Nielsen Engineering & Research (NEAR) has pioneered the development of a computationally efficient multidisciplinary flight simulation program applicable but not limited to sea skimming missiles as shown in the sketch. The comprehensive methodology includes detailed modeling of the unsteady aerodynamics, the control system and sensors, and the flexible structure characteristics. A unique feature is the use of indicial theory to model the unsteady aerodynamic response of all the vehicle modes: rigid, flexible, and control. The developed technology can be used to design improved sea skimming missiles and control systems, for flight simulations of highly maneuverable aircraft, and for other systems where time dependent system states can be modeled efficiently with indicial functions. The following paragraphs provide a brief description of the innovative technology developed.
The unsteady aerodynamic characteristics of the vehicle are determined from generalized indicial functions (GIFs) of the aerodynamic loads, i.e., the responses of the vehicle to step inputs in the aeroservoelastic modes. A significant advantage of this approach is that the aerodynamic response (including aerodynamic phase lags) to complex unsteady stimuli, such as deformations associated with multiple aeroelastic modes, may be predicted solely from the knowledge of the indicial functions which only require one calculation per modal deformation about a given mean configuration. These multiple aerodynamic modes may occur in a wide range of frequencies which may be excited as a consequence of rapid maneuver, or gusts, or by control inputs to various actuators. Therefore, the indicial function approach represents a considerable reduction in unsteady aerodynamics computational requirements in view of the very large number of parameters involved in a simulation.
A CFD program, TSDVRT, is used to calculate the unsteady GIFs for all of the vehicle modes. These GIFs are computed outside the simulation program, and only need to be computed once to characterize the unsteady aerodynamics for a given flight Mach number. Within the simulation, a Duhamel convolution integral is employed to compute the generalized aerodynamic forces (GAFs) from the GIFs. To further increase the computational efficiency of the simulation, the GIFs are curve fit with exponentials/trigonometric functions. The benefit of the curve fitting is that the convolution integral for each GAF is reduced to an ordinary differential equation which can be integrated with the rigid, flexible, and control system state equations. The structure of the simulation developed, with the augmented differential equations representing the unsteady aerodynamics, lends itself to implementation on a parallel architecture computer. Calculated results, as a function of sea state, of the minimum altitude required for a supersonic sea skimming missile to avoid wave clobber are predicted in the sketch.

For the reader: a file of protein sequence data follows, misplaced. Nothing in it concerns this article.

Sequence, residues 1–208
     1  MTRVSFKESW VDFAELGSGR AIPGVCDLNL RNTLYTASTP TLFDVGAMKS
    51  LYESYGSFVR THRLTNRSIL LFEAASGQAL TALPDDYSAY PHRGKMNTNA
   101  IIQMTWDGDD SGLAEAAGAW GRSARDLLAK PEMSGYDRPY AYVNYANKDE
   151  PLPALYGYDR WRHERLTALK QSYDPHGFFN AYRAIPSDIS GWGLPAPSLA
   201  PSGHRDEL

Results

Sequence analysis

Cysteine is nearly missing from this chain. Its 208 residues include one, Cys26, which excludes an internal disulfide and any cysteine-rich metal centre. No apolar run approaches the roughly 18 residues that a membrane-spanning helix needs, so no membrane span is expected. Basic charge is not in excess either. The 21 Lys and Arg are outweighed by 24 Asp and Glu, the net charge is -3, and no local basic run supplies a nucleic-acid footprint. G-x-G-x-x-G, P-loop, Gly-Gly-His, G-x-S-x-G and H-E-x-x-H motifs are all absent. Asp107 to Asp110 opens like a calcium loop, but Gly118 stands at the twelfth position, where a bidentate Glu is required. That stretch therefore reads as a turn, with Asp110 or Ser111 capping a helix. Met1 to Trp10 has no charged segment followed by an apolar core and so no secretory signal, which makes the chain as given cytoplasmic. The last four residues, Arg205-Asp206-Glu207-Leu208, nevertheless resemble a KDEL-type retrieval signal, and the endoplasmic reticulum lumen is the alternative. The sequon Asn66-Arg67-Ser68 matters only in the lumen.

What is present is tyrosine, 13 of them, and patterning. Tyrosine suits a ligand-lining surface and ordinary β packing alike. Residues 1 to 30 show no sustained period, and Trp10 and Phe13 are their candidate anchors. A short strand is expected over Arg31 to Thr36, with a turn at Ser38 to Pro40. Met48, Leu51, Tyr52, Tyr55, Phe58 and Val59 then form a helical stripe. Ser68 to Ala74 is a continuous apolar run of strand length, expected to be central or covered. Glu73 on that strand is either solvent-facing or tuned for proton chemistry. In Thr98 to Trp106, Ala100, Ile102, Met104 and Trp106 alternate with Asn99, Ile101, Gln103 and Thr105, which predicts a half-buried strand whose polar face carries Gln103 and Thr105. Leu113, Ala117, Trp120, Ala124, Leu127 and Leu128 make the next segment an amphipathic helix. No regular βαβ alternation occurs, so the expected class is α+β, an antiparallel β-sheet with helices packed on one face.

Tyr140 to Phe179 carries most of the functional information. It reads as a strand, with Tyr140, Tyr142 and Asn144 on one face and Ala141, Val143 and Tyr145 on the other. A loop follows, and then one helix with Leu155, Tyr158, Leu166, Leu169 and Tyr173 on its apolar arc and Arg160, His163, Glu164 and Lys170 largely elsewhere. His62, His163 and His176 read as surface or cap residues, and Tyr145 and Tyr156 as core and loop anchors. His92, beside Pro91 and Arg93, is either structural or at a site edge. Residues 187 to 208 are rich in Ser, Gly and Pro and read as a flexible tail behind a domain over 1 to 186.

Commercial Applications: NEAR has used this technology for the analysis of two Navy sea skimming missiles and plans to commercialize the technology developed. Many applications for the technology have been identified, including
- further development of the current simulation to design high speed sea skimming missiles and control systems,
- application to flight simulations of highly maneuverable aircraft,
- use of parallel computers for development of real-time flight simulators including accurate unsteady aerodynamics, and
- application to other systems where time dependent system states can be efficiently modeled with indicial functions.
Unsteady Simulation of Flexible Missiles Flying Low Over the Sea
Daniel J. Lesieutre, Patrick H. Reisenthel, Marnix F. E. Dillenius, Danilo Viazzo, Steve Fisher, Sudarshan Bhat, and Samuel C. McIntosh
[available as AIAA paper 94-0720]
Copyright © 1994 Nielsen Engineering & Research
ABSTRACT: A detailed investigation into the factors affecting transonic missile flight low over the sea has been performed. The simulation program developed in this effort models a flexible missile flying low over the sea and includes unsteady aerodynamics and detailed models of the control system, sensors, and structure. Unsteady aerodynamics are included in the simulation through the implementation of indicial theory. An extended six-degree-of-freedom model has been developed which includes control fin deflections and body elastic modes as additional system states. A sea wave/wind gust model has been developed which acts as an unsteady forcing function on the missile during its flight. The states of the system (6-DOF, fin deflections, and flexible body modes) are coupled and integrated in the simulation. Unsteady aerodynamics can affect the performance of the missile directly or by excitation of the flexible body modes which can cause accelerations and spurious inputs at sensor locations.
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